Joint NGO Statement: IGAD Heads of State Special Summit on Durable Solutions for Somali Refugees

(Nairobi, March 24, 2017): The membership of the Regional Durable Solutions Secretariat (ReDSS), Somalia NGO Consortium and the Inter-agency Working Group (IAWG) welcome the Special Summit of the IGAD Heads of State on Durable Solutions for Somali refugees taking place on the 25th March, 2017 in Nairobi, Kenya. This Summit and its expected Comprehensive Plan of Action is convened at a time when almost one million Somalis refugees are displaced within the East and Horn of Africa region.

“It is commendable that IGAD’s Heads of State are demonstrating commitment to durable solutions for Somali refugees,” says Heather Amstutz, Co-Chair of the IAWG Steering Committee.

The Summit presents a unique opportunity for the Heads of States to provide political leadership and commitment towards unlocking the protracted nature of the Somali displacement in the region. Majority of the almost a million Somali refugees have been displaced for decades with very little prospects of finding durable solutions.

“A radical shift towards solutions for protracted displacement is urgently required, one that goes beyond ‘care and maintenance’ to one that preserves dignity by nurturing self-reliance and resilience of Somali refugees, while addressing the impact on host communities,” says Aude Galli, Coordinator of the Regional Durable Solutions Secretariat (ReDSS).

NGOs hope that the Heads of States will take practical steps towards the development and implementation of a comprehensive regional approach. It is hoped that such an approach, developed in the spirit of the New York Declaration, will support countries and communities that host Somali refugees in improving asylum space, integrated access to services, inclusive economic opportunities and infrastructure for all.

NGOs call on the international community to provide adequate long-term and predictable international political and financial support to this initiative, with the involvement of development actors from the start to ensure a regional shift towards a development response that helps refugees become more self-reliant. In that regard, it is critical to support host countries to include displacement in their National Development Plans to complement humanitarian interventions, addressing displacement affected communities’ needs and contributing to a comprehensive effort.

The vast majority of Somali refugees have been hosted in neighbouring countries for decades. This Summit provides a unique opportunity to call on the international community to demonstrate solidarity with IGAD member states through responsibility sharing and increased resettlement quotas for Somali refugees.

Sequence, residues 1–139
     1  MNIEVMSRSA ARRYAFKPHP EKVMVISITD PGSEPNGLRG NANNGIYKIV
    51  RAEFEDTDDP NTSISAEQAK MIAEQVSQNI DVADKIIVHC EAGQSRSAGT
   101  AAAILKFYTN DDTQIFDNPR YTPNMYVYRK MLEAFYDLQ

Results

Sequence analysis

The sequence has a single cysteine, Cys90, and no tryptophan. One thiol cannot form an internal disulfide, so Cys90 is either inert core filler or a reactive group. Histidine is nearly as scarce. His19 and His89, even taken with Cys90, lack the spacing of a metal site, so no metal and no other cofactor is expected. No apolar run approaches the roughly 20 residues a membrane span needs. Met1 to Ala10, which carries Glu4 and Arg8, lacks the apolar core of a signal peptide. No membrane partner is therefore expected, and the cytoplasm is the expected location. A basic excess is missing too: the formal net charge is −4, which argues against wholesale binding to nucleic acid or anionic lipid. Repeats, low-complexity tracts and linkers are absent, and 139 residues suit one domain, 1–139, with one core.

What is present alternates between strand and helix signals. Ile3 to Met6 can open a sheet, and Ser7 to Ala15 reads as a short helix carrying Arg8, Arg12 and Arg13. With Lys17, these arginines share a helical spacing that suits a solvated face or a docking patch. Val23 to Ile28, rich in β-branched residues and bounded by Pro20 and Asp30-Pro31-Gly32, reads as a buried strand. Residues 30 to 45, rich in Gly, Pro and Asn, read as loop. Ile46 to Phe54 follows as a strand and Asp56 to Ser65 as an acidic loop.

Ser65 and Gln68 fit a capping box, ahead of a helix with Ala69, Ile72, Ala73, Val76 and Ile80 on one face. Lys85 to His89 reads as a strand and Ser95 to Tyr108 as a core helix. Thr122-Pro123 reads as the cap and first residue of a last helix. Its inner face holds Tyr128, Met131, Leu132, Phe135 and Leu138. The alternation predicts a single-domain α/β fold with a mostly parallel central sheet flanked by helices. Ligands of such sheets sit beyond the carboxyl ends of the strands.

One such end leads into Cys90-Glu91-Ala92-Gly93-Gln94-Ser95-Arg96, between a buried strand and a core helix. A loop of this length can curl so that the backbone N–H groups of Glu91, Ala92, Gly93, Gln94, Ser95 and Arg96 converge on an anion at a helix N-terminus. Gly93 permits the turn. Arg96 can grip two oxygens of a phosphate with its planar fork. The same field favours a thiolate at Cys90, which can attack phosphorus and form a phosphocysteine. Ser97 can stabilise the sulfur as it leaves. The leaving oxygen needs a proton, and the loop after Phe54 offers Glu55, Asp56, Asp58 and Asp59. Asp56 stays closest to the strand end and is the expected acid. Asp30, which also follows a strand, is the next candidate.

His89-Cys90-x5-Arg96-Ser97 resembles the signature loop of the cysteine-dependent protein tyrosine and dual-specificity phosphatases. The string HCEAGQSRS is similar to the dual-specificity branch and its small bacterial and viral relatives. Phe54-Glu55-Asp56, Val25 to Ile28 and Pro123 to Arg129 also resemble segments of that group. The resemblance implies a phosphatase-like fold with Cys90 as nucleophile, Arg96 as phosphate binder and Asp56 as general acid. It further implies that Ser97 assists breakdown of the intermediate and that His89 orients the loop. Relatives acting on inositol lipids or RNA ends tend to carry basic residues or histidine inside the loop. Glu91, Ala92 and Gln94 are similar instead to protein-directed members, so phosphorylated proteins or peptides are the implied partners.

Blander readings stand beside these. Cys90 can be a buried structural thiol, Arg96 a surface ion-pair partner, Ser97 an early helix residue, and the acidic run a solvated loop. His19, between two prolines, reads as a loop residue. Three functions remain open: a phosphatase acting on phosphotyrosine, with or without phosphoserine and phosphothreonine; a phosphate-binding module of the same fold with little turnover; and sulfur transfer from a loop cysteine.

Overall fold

Furthermore, the Summit is convened at a time when the East and Horn of Africa region is facing a severe drought which has already precipitated a famine in parts of South Sudan and threatens to do the same in Somalia.

“The threat of famine in Somalia is real, and we hope that Heads of States will commit themselves to averting it. Pre-famine conditions mean a massive displacement crisis is in the making with influx of refugees and IDPs on top of an already dire situation with over a million internally displaced and almost a million refugees.” says Abdurahman Sharif, Director of the Somalia NGO Consortium. “If we don’t collectively act now, the consequences can be catastrophic not only for Somalia but also for the region.” Over 260,000 Somalis have already been internally displaced since the end of 2016 due to the pre-famine situation.

In order for Somalia to receive adequate international support, NGOs call for International Financial Institutions to cancel Somalia’ s debts to support and accelerate development within Somalia and to mitigate the long-term effects of the current pre-famine situation.

NGOs are concerned that the population movement is happening within a backdrop of continuing returns of Somalis from Kenya and suspension of registration of new arrivals. NGOs urge IGAD Member States, especially the Governments of Kenya, Somalia and UNHCR to suspend the return process given the impending humanitarian crisis and the adverse consequences that sustained repatriation may create and urge the Government of Kenya to resume registration of new arrivals.

This is a regional and cross-border issue which requires better population movement monitoring within and outside Somalia to better prepare and respond as well as to ensure protection of affected populations.

While finding solutions to the Somali protracted crisis is critical, NGOs collectively call on the IGAD Heads of State to convene, as a matter of urgency, a similar initiative on the South Sudanese refugee crisis. At the moment, over 1.6 million South Sudanese are displaced in the region with more than 810,000 hosted in Uganda alone. Uganda has welcomed more refugees in the last months of 2016 than the total number of refugees arriving in Europe last year.

For more information, please contact: Aude Galli, Coordinator, Regional Durable Solutions Secretariat (ReDSS), +254 706 173 106 or a.galli@drchoa.org Naitore G. Kariuki, Senior Advocacy & Information Officer, Somalia NGO Consortium, +254 702 909 701 or advocacy@somaliangoconsortium.org Rufus Karanja, Regional Communications & Advocacy Officer, Danish Refugee Council /IAWG, +254 724 279 772 or r.karanja@drceay.org